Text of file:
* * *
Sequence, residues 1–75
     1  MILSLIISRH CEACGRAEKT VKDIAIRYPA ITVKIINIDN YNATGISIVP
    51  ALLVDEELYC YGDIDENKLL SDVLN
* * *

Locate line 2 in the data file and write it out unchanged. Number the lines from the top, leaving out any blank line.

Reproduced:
     1  MILSLIISRH CEACGRAEKT VKDIAIRYPA ITVKIINIDN YNATGISIVP